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We appreciate donations for our ALS research!

The unique research techniques we have developed for the study of motor neurons hold the potential to significantly contribute to the elucidation of two crucial issues in ALS. We seek support to expedite these studies.

1. In ALS, aggregates of proteins (clumps, or "aggregates") accumulate in the affected motor neurons, a phenomenon not observed in normal cells. By deeply understanding the mechanism behind the accumulation of these aggregates, we aim to pinpoint the root cause of ALS. This will facilitate the development of methods to clearly identify therapeutic targets and protect motor neurons.

2. ALS exhibits a characteristic where larger motor neurons, responsible for producing strong body movements, are more susceptible to damage. By understanding the characteristics of larger motor neurons that make them vulnerable in ALS, we aim to develop methods to protect motor neurons from ALS.

To make donations to our ALS research, please contact Kazuhide Asakawa (Email: kasakawa[a] (please replace [a] with @).

April 7, 2023

Kazuhide Asakawa

Research Grants that have supported our ALS research:

AMED-PRIME, Grants-in-Aid for Scientific Research, Chugai Pharmaceutical Science Foundation Research Grant, Naito Memorial Scientific Research Encouragement Fund, Uehara Memorial Life Science Foundation Research Grant, 4th Serika Fund Award Research Grant, Brain Science Promotion Foundation Research Grant, Optical Science and Technology Foundation Research Grant, "Yoshio Kode Fund" Research Encouragement Fund, Kato Memorial Intractable Disease Research Grant, 1st Serika Fund Award Research Grant, "Vivid Life" ALS Research Grant, Takeda Scientific Promotion Foundation Medical Research Encouragement, and Daiichi Sankyo Life Science Research Promotion Foundation Research Grant.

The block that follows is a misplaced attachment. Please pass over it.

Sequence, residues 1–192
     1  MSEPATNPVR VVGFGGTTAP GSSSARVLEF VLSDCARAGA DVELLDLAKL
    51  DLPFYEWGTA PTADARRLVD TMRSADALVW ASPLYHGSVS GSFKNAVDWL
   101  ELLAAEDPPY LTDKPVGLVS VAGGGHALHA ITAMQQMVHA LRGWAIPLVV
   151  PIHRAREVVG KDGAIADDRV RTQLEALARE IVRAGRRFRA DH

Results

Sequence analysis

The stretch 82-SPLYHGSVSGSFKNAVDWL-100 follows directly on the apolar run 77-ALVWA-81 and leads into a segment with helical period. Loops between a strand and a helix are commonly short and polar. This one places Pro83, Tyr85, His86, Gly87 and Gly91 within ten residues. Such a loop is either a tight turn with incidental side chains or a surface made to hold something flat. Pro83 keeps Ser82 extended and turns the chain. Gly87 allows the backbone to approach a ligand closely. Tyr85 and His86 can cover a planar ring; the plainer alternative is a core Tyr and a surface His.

Key Research Achievements:

  1. Asakawa K*, Handa H, Kawakami K. In Vivo Optogenetic Phase Transition of an Intrinsically Disordered Protein. Methods in Molecular Biology (2024) 2707:257-264. doi: 10.1007/978-1-0716-3401-1_17. (*Correspondence)

  2. Asakawa K*, Handa H, Kawakami K*. Dysregulated TDP-43 proteostasis perturbs excitability of spinal motor neurons during brainstem-mediated fictive locomotion in zebrafish. Development, Growth & Differentiation (2023) doi: 10.1007/978-1-0716-3401-1_17. (*Correspondence)

  3. Asakawa K*, Handa H, Kawakami K. Optogenetic phase transition of TDP-43 in spinal motor neurons of zebrafish larvae. Journal of Visualized Experiments (2022) 180 doi: 10.3791/62932. (*Correspondence)

  4. Asakawa K*, Handa H, and Kawakami K*. Optogenetic modulation of TDP-43 oligomerization accelerates ALS-related pathologies in the spinal motor neurons. Nature Communications (2020) 11:1004 (*Co-correspondence)

  5. Asakawa K* and Kawakami K*. Protocadherin-mediated cell repulsion controls the central topography and efferent projections of the abducens nucleus. Cell Reports (2018) 24:1562-1572 (*Co-correspondence)

  6. Asakawa K*, Gembu A and Kawakami K*. Cellular dissection of the spinal cord motor column by BAC transgenesis and gene trapping in zebrafish. Frontiers in Neural Circuits (2013) 7:100. (*Co-correspondence)

  7. Asakawa K, Higashijima S, and Kawakami K. An mnr2b/hlxb9lb enhancer trap line that labels spinal and abducens motor neurons in zebrafish. Developmental Dynamics (2012) 241: 327-332.

  8. Asakawa K, Suster ML, Mizusawa K, Nagayoshi S, Kotani T, Urasaki A, Kishimoto Y, Hibi M and Kawakami K. Genetic dissection of neural circuits by Tol2 transposon-mediated Gal4 gene and enhancer trapping in zebrafish. Proc Natl Acad Sci U S A (2008) 105:1255-1260.

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